bDMARDs Quick Reference Guide

Certolizumab pegol

Certolizumab pegol

Active ingredient

Certolizumab pegol

Mechanism of action

Tumour necrosis factor (TNF) – alpha inhibitor

Molecule type

Recombinant humanised antibody Fab’ fragment

PBS listed indications

Axial spondyloarthritis

  • Ankylosing spondylitis
  • Non-radiographic axial spondyloarthritis

Severe psoriatic arthritis

Severe active rheumatoid arthritis

Reference product (brand)

Cimzia

Biosimilar brands

None

Administration information

Mode of administration

Subcutaneous injection

Administration devices and strengths

Pre-filled syringe 200mg/mL

Pre-filled pen (Autoclicks®) 200mg/mL

Instructions for patient self-administration are outlined in the CMI.

Frequency of administration

Every 2 weeks

Storage

Refrigerate (2-8oC). Do not freeze. 

Keep pre-filled syringes and pens in the outer carton until time of use to protect from light.

If needed, certolizumab may be stored at room temperature (max 25oC) for a single period of up to 10 days with protection from light.

Once it has been stored at room temperature, it should not be placed back in the refrigerator and should be discarded if not used within 10 days.

Allow certolizumab to reach room temperature prior to injecting. This will take about 30 minutes for the prefilled syringe and 30-45 minutes for the pre-filled pen.

Standard dosing

All indications:

DoseFrequency
Loading400mgTwo x 200mg subcutaneous injections initially (week 0) and at weeks 2 and 4
Maintenance200mgEvery two weeks

Alternatively, 400mg/monthly has also been shown to be safe and effective

 

Treatment with csDMARDs (e.g., methotrexate) may continue during treatment with certolizumab.

Dose variations

Patients with rheumatoid arthritis who are in remission or have low disease activity may have their dose of certolizumab down-titrated by their rheumatologist.

  • Dose interval increase from 200mg/2 weeks → 200mg/4 weeks

Special notes

Certolizumab is not recommended for patients within serious or untreated infection, e.g. sepsis, abscess, hepatitis B, active TB (before completing TB treatment).
May reactivate inactive hepatitis B and latent TB (begin TB treatment before starting a TNF-alpha inhibitor).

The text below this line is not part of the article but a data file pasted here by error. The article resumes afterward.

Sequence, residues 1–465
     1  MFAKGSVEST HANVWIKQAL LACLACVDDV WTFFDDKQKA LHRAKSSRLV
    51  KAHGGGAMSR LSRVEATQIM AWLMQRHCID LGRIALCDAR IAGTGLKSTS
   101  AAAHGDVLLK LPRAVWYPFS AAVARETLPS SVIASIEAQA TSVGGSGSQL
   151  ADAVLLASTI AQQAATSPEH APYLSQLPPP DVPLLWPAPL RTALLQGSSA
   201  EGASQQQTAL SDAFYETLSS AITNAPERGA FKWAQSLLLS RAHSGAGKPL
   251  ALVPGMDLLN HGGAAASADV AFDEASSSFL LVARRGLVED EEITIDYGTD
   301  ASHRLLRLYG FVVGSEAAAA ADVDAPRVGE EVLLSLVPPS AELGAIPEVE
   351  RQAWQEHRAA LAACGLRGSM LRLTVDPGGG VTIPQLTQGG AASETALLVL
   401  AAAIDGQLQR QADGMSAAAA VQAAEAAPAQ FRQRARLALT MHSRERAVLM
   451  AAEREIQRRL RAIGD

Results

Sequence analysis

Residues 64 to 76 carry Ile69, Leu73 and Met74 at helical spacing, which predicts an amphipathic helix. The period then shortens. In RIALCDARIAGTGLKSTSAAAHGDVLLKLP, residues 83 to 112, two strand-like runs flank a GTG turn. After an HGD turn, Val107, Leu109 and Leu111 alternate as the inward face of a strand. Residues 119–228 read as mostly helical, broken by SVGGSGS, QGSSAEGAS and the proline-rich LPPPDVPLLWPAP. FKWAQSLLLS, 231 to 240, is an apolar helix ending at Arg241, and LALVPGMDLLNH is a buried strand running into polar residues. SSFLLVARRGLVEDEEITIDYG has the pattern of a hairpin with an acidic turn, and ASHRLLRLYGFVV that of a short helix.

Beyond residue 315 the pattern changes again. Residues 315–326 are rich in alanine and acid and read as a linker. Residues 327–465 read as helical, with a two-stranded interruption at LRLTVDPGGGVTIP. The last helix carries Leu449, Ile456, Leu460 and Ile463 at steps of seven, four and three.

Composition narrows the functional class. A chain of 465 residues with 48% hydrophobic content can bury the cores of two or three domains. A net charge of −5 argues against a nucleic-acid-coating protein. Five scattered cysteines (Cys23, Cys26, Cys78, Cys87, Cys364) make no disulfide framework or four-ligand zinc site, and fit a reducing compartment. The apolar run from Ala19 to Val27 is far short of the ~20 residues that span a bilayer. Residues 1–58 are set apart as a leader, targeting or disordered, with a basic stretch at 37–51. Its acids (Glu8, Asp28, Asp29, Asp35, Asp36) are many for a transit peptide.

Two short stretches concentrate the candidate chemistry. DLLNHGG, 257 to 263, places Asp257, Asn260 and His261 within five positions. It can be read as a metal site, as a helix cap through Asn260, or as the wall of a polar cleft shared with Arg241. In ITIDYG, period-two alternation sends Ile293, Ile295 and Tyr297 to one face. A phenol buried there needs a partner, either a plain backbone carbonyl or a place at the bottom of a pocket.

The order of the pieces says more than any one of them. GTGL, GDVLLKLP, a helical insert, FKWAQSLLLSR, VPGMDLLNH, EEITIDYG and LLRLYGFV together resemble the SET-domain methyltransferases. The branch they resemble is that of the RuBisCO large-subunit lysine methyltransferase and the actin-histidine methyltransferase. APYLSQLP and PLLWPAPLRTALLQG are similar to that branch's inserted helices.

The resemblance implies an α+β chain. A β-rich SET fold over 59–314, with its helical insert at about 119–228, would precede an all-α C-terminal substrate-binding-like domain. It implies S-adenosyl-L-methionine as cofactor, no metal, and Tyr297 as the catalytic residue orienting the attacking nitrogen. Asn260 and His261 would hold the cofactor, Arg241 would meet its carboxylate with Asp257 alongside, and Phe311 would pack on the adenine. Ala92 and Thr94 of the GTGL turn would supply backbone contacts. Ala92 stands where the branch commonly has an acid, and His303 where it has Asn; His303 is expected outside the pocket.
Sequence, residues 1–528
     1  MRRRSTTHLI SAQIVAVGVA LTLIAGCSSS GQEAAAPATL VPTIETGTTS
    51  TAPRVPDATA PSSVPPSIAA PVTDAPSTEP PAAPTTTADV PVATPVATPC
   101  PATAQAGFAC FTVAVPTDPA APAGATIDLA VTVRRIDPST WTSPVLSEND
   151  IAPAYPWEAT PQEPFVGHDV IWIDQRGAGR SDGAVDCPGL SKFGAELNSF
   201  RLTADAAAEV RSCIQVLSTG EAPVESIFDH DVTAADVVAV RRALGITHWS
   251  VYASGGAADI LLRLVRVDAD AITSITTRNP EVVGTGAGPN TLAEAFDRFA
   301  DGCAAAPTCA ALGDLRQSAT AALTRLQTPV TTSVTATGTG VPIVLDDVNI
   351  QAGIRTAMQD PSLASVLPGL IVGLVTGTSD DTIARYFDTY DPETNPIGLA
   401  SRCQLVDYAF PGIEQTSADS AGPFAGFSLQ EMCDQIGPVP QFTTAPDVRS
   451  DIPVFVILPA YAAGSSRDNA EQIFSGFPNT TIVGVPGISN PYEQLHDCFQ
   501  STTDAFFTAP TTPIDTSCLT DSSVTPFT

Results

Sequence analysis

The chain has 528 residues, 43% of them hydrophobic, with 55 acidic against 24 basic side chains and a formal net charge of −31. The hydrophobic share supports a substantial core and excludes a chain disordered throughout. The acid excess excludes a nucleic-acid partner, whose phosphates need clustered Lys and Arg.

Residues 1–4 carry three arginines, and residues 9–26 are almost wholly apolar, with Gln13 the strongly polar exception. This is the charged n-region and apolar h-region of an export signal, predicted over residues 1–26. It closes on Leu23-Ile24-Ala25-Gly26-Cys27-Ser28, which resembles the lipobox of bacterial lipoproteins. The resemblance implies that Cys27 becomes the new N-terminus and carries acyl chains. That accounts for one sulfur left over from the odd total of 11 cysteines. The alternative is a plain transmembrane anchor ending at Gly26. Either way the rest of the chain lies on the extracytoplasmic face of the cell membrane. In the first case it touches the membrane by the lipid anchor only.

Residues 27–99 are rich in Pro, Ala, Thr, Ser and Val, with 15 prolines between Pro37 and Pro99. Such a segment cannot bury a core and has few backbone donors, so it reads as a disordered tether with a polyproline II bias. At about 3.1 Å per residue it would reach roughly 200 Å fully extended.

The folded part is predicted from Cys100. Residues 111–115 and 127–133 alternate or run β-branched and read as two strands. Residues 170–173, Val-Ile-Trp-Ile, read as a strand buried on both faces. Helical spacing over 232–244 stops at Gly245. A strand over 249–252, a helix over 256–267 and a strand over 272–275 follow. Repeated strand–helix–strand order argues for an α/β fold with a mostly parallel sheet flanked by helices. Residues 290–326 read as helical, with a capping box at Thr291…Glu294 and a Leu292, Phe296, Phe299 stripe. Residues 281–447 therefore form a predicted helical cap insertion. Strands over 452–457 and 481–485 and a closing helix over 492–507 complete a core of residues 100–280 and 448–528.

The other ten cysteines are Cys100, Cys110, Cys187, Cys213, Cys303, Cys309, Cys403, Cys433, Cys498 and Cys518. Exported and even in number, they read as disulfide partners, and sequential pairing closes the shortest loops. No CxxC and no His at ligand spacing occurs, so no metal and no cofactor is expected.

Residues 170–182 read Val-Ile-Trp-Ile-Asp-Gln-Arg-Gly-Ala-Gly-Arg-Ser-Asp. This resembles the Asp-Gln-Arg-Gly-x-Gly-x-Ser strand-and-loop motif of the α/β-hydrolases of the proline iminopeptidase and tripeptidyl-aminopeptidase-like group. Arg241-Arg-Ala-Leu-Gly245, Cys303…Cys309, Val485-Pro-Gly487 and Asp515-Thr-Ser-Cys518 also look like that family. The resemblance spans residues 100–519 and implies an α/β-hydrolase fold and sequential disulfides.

Patients with suspected latent or active TB should be treated in consultation with an Infectious Diseases physician.

Treatment with another cytokine modulator (e.g. TNF-alpha inhibitor, abatacept, anakinra, rituximab, tocilizumab) is not recommended due to increased risk of infection.

 

TNF-alpha inhibitors like certolizumab are contraindicated with anakinra.

 

Certolizumab is contraindicated in moderate or severe heart failure (NYHA class III–IV) and left ventricular ejection fraction <50%; use cautiously in mild disease as TNF-alpha inhibitors may worsen heart failure.

 

Rare cases of serious blood dyscrasias (some fatal) have been reported in patients taking certolizumab. Monitor full blood count regularly.

 

A drug-induced lupus is rarely seen following administration of any TNF-alpha inhibitor. Patients presenting with a new rash or joint pain should be referred to their prescriber. This does not represent a class effect, and patients may be successfully rechallenged with a different TNF-alpha inhibitor without recurrence of a drug-induced lupus.

 

Live vaccines should not be given concurrently with certolizumab.

References

Pharmaceutical benefits Scheme (PBS) listing. Available from https://www.pbs./gov.au/pbs/search?term=certolizumab%20pegol&analyse=false&search-type=medicines [accessed 8/10/21]

Product information. Available from https://www.ebs.tga.gov.au/ebs/picmi/picmirepository.nsf/pdf?OpenAgent&id=CP-2010-PI-02405-3 [accessed 8/10/21]

Australian Medicines Handbook 2020 (online). Adelaide: Australian Medicines Handbook Pty Ltd; 2020 July. Available from: https://amhonline.amh.net.au/

NPS Medicinewise. Down-titration strategies. Available from https://www.nps.org.au/bdmards/rheumatology-conditions/titration-strategies [accessed 3/5/21]